8.01 Classical Mechanics Chapter 21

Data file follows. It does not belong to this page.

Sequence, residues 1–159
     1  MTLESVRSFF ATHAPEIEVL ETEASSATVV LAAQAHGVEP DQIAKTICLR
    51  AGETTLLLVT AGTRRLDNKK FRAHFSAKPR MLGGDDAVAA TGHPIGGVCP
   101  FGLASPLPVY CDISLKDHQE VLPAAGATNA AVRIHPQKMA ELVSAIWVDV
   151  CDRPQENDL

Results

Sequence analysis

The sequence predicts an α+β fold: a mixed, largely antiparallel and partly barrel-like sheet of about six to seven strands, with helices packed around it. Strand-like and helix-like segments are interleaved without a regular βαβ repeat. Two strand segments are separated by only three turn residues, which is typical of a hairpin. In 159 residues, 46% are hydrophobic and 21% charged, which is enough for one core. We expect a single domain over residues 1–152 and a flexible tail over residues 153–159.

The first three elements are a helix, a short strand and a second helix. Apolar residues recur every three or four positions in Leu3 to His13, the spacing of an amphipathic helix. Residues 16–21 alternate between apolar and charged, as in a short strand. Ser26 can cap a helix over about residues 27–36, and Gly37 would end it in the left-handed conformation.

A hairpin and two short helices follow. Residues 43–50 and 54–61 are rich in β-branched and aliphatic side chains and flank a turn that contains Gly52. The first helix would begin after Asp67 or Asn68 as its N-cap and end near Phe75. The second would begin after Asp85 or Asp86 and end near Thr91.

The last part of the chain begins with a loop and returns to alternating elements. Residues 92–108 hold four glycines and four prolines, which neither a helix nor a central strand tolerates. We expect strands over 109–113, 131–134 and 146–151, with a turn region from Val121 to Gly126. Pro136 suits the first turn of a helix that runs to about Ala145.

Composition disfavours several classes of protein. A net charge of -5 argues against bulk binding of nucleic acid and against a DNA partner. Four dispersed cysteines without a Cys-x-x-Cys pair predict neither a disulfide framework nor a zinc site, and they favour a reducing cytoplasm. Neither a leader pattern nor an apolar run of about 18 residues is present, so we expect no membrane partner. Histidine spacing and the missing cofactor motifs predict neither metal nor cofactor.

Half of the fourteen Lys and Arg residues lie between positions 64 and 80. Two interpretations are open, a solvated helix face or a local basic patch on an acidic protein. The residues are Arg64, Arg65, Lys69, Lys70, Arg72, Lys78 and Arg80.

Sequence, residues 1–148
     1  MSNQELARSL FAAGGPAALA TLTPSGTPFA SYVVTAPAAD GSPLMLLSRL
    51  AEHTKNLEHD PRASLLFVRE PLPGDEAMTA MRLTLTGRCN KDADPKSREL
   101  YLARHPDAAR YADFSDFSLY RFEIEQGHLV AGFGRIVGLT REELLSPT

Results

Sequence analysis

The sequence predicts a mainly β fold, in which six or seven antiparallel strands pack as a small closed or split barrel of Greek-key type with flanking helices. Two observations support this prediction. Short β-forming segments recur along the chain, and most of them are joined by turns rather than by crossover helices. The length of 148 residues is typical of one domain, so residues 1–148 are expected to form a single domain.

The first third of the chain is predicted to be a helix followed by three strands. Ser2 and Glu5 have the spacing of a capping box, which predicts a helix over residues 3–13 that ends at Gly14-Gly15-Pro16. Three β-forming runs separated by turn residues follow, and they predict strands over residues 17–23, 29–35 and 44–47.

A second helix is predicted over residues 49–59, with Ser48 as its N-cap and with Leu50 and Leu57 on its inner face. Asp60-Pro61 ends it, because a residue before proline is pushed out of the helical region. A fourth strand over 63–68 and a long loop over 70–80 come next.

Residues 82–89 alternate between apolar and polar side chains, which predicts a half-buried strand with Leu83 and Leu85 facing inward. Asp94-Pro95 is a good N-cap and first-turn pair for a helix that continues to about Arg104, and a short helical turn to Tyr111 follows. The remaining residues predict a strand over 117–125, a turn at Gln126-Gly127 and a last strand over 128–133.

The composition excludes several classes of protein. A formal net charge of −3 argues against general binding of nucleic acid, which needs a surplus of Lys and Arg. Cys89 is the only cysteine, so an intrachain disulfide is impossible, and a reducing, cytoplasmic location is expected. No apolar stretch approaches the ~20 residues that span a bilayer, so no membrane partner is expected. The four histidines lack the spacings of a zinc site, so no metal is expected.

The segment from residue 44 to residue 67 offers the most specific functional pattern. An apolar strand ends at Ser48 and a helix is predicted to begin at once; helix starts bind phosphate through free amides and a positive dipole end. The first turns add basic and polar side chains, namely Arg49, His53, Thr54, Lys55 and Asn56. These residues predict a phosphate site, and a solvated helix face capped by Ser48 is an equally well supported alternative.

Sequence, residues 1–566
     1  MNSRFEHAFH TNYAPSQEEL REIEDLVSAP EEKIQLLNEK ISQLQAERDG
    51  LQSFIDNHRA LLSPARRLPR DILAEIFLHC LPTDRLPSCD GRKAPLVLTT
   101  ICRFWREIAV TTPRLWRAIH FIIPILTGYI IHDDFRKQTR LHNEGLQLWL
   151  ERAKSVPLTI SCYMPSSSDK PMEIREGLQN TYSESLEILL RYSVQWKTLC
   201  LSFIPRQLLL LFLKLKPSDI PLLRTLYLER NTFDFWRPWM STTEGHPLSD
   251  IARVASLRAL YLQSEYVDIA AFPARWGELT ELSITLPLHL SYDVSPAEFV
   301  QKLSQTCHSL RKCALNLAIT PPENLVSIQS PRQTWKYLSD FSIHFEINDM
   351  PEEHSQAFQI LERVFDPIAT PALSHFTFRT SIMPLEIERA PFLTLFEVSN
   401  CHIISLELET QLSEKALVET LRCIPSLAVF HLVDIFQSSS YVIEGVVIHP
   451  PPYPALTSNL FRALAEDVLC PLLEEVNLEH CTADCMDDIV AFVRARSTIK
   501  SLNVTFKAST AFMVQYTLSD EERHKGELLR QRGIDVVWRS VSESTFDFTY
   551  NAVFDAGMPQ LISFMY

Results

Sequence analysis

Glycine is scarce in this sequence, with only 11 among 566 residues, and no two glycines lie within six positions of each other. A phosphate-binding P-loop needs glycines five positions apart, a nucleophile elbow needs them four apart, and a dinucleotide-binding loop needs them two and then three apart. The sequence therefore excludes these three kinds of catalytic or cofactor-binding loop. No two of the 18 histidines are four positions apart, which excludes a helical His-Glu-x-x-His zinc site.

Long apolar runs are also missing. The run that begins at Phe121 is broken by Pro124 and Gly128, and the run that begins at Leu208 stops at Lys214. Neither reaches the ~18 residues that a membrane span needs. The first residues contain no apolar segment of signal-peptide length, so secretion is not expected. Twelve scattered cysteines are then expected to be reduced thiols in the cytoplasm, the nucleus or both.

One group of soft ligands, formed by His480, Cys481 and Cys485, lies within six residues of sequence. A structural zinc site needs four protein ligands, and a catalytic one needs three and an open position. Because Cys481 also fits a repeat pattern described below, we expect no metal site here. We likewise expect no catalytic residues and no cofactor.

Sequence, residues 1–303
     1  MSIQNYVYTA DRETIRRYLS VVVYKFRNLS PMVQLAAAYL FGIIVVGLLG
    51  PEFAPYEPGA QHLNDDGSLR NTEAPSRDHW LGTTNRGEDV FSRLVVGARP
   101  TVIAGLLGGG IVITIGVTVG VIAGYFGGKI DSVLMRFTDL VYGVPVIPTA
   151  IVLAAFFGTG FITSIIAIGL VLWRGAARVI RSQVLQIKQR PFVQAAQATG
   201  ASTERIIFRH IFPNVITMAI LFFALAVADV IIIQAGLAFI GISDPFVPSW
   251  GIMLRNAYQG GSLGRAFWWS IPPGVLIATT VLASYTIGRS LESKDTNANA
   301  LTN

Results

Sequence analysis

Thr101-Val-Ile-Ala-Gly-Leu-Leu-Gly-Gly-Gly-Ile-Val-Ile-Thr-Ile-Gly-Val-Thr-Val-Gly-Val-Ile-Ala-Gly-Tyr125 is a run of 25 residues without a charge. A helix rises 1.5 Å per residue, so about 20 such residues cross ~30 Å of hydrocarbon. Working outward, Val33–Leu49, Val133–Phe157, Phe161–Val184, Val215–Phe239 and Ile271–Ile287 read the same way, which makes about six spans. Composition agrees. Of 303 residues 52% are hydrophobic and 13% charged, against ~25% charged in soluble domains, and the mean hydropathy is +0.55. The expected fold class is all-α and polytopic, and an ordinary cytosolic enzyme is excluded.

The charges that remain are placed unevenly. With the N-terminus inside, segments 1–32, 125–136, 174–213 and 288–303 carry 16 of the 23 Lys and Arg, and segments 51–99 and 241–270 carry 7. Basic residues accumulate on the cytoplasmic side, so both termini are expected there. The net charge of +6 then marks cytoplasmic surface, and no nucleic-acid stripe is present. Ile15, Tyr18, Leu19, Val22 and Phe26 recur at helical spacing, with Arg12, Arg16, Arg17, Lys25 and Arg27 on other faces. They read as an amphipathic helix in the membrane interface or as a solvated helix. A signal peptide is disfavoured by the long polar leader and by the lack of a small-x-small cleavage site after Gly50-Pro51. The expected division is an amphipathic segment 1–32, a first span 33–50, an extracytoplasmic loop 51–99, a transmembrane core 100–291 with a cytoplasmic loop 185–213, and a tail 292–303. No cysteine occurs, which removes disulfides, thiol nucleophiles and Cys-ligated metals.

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Chapter 21 Rigid Body Dynamics: Rotation and Translation about a Fixed Axis 21.1 Introduction ........................................................................................................... 1 21.2 Translational Equation of Motion ....................................................................... 1 21.3 Translational and Rotational Equations of Motion ........................................... 1 21.3.1 Summary ......................................................................................................... 6 21.4 Translation and Rotation of a Rigid Body Undergoing Fixed Axis Rotation . 6 21.5 Work-Energy Theorem ........................................................................................ 7 21.6 Worked Examples ................................................................................................. 8 Example 21.1 Angular Impulse ............................................................................... 8 Example 21.2 Person on a railroad car moving in a circle .................................... 9 Example 21.3 Torque, Rotation and Translation: Yo-Yo ................................... 13 Example 21.4 Cylinder Rolling Down Inclined Plane ......................................... 16 Example 21.5 Bowling Ball ..................................................................................... 21 Example 21.6 Rotation and Translation Object and Stick Collision ................. 25 Chapter 21 Rigid Body Dynamics: Rotation and Translation about a Fixed Axis Accordingly, we find Euler and D'Alembert devoting their talent and their patience to the establishment of the laws of rotation of the solid bodies. Lagrange has incorporated his own analysis of the problem with his general treatment of mechanics, and since his time M. Poinsôt has brought the subject under the power of a more searching analysis than that of the calculus, in which ideas take the place of symbols, and intelligent propositions supersede equations. 1 James Clerk Maxwell 21.1 Introduction We shall analyze the motion of systems of particles and rigid bodies that are undergoing translational and rotational motion about a fixed direction. Because the body is translating, the axis of rotation is no longer fixed in space. We shall describe the motion by a translation of the center of mass and a rotation about the center of mass. By choosing a reference frame moving with the center of mass, we can analyze the rotational motion separately and discover that the torque about the center of mass is equal to the change in the angular momentum about the center of mass. For a rigid body undergoing fixed axis rotation about the center of mass, our rotational equation of motion is similar to one we have already encountered for fixed axis rotation, τ ext = dLs pin / dt . cm cm 21.2 Translational Equation of Motion We shall think about the system of particles as follows. We treat the whole system as a single point-like particle of mass m located at the center of mass moving with the T velocity of the center of mass V . The external force acting on the system acts at the cm center of mass and from our earlier result (Eq. 10.4.9) we have that ext dpsys d F = = (mT Vcm ) . (21.2.1) dt dt 21.3 Translational and Rotational Equations of Motion For a system of particles, the torque about a point S can be written as 1 J. C. Maxwell on Louis Poinsôt (1777-1859) in 'On a Dynamical Top' (1857). In W. D. Niven (ed.), The Scientific Papers of James Clerk Maxwell (1890), Vol. 1, 248. 21-1 N ext ( r F ) . (21.3.1) τ S = ∑ i × i i=1 where we have assumed that all internal torques cancel in pairs. Let choose the point S to be the origin of the reference frame O , then r = R (Figure 21.1). (You may want S ,cm cm to recall the main properties of the center of mass reference frame by reviewing Chapter 15.2.1.) ith particle Fi rcm, i rS ,i cm rS ,cm S Figure 21.1 Torque diagram for center of mass reference frame ! ! ! We can now apply rS , i= r S , cm + rcm,i to Eq. (21.3.1) yielding N N N N ! ext ! ! ! ! ! ! ! ! ! ( r F ) (( r r ) F ) ( r F ) ( r F ) . (21.3.2) τ S = ∑ S , i × i = ∑ cm,i + cm,i× i = ∑ S ,cm × i + ∑ cm,i × i i=1 i=1 i=1 i=1 The term ! ext ! ! ext τ = r × F (21.3.3) S ,cm S ,cm in Eq. (21.3.2) corresponds to the external torque about the point S where all the external forces act at the center of mass (Figure 21.2). Fext ext S ,cm cm rS ,cm S Figure 21.2 Torque diagram for “point-like” particle located at center of mass The term, N ext ( r F ) . (21.3.4) τcm = ∑ cm,i × i i=1 21-2 is the sum of the torques on the individual particles in the center of mass reference frame. If we assume that all internal torques cancel in pairs, then N ext ext ( r F ) . (21.3.5) τcm = ∑ cm,i × i i=1 We conclude that the external torque about the point S can be decomposed into two pieces, ext ext ext τ S = τ S ,cm + τ cm . (21.3.6) We showed in Chapter 20.3 that N sys sys L = r p + ( r m v ) , (21.3.7) S S ,cm × ∑ cm,i × i cm,i i=1 where the first term in Eq. (21.3.7) is the orbital angular momentum of the center of mass about the point S orbital sys LS = rS ,cm × p , (21.3.8) and the second term in Eq. (21.3.7) is the spin angular momentum about the center of mass (independent of the point S ) N spin L ( r m v ) . (21.3.9) S = ∑ cm,i × i cm,i i=1 The angular momentum about the point S can therefore be decomposed into two terms sys orbital spin LS = L S + LS . (21.3.10) Recall that that we have previously shown that it is always true that sys ext dLS τ S = . (21.3.11) dt Therefore we can therefore substitute Eq. (21.3.6) on the LHS of Eq. (21.3.11) and substitute Eq. (21.3.10) on the RHS of Eq. (21.3.11) yielding as orbital spin ext ext dL S dLS τ S ,cm + τ cm = + . (21.3.12) dt dt 21-3 We shall now show that Eq. (21.3.12) can also be decomposed in two separate conditions. We begin by analyzing the first term on the RHS of Eq. (21.3.12). We differentiate Eq. (21.3.8) and find that orbital dLS d sys = ( rS , cm × p ). (21.3.13) dt dt We apply the vector identity d d A d B ( A × B ) = × B + A × , (21.3.14) dt dt dt to Eq. (21.3.13) yielding orbital dr dp d LS S ,cm sys = × psys + rS ,cm × . (21.3.15) dt dt dt The first term in Eq. (21.3.21) is zero because drS ,cm total × psys = V cm × m Vcm = 0 . (21.3.16) dt Therefore the time derivative of the orbital angular momentum about a point S , Eq. (21.3.15), becomes orbital dp dLS sys = r S ,cm × . (21.3.17) dt dt In Eq. (21.3.17), the time derivative of the momentum of the system is the external force, dp Fext = sys . (21.3.18) dt The expression in Eq. (21.3.17) then becomes the first of our relations orbital dLS ext ext = rS ,cm × F = τ S ,cm . (21.3.19) dt Thus the time derivative of the orbital angular momentum about the point S is equal to the external torque about the point S where all the external forces act at the center of mass, (we treat the system as a point-like particle located at the center of mass). We now consider the second term on the RHS of Eq. (21.3.12), the time derivative of the spin angular momentum about the center of mass. We differentiate Eq. (21.3.9), 21-4 spin dL d N S = ( r × m v ) . (21.3.20) dt dt ∑ cm,i i cm,i i=1 We again use the product rule for taking the time derivatives of a vector product (Eq. (21.3.14)). Then Eq. (21.3.20) the becomes spin N N dL ⎛ drcm ,i ⎞ ⎛ d ⎞ S m v r (m v ) . (21.3.21) = ∑ ⎜ × i cm,i ⎟ + ∑ ⎜ cm,i × i cm,i ⎟ dt i=1 ⎝ dt ⎠ i=1 ⎝ dt ⎠ The first term in Eq. (21.3.21) is zero because N N ⎛ drcm,i ⎞ m v = ( v m v ) = 0 . (21.3.22) ∑ ⎜ × i cm,i ⎟ ∑ cm,i × i cm,i i=1 ⎝ dt ⎠ i=1 Therefore the time derivative of the spin angular momentum about the center of mass, Eq. (21.3.21), becomes spin N dLS ⎛ d ⎞ = rcm ,i × (mi vcm,i ) . (21.3.23) dt ∑⎝⎜ dt ⎠⎟ i=1 The force, acting on an element of mass m , is i d F = (m v ) . (21.3.24) i dt i cm,i The expression in Eq. (21.3.23) then becomes spin dL N S = ( r × F ) . (21.3.25) dt ∑ cm,i i i=1 N The term, (r F ) , is the sum of the torques on the individual particles in the center ∑ cm,i× i i=1 of mass reference frame. If we again assume that all internal torques cancel in pairs, Eq. (21.3.25) may be expressed as spin N N dL ext ext ext S = ( r × F ) = τ= τ , (21.3.26) dt ∑ cm,i i ∑ cm,i cm i=1 i=1 which is the second of our two relations. 21-5 21.3.1 Summary For a system of particles, there are two conditions that always hold (Eqs. (21.3.19) and (21.3.26)) when we calculate the torque about a point S ; we treat the system as a point- ext like particle located at the center of mass of the system.